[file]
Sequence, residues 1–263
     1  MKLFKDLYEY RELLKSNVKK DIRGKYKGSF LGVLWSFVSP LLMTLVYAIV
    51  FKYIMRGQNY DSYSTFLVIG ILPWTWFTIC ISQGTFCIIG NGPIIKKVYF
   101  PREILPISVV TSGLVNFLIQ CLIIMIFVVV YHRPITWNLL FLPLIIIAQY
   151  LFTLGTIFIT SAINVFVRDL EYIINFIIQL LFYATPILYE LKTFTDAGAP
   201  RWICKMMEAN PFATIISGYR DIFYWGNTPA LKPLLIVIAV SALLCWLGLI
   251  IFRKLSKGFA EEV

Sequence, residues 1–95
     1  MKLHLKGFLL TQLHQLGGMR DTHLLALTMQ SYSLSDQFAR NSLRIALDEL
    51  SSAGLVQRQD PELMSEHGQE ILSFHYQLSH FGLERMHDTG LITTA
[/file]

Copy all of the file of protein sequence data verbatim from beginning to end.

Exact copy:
Sequence, residues 1–263
     1  MKLFKDLYEY RELLKSNVKK DIRGKYKGSF LGVLWSFVSP LLMTLVYAIV
    51  FKYIMRGQNY DSYSTFLVIG ILPWTWFTIC ISQGTFCIIG NGPIIKKVYF
   101  PREILPISVV TSGLVNFLIQ CLIIMIFVVV YHRPITWNLL FLPLIIIAQY
   151  LFTLGTIFIT SAINVFVRDL EYIINFIIQL LFYATPILYE LKTFTDAGAP
   201  RWICKMMEAN PFATIISGYR DIFYWGNTPA LKPLLIVIAV SALLCWLGLI
   251  IFRKLSKGFA EEV

Sequence, residues 1–95
     1  MKLHLKGFLL TQLHQLGGMR DTHLLALTMQ SYSLSDQFAR NSLRIALDEL
    51  SSAGLVQRQD PELMSEHGQE ILSFHYQLSH FGLERMHDTG LITTA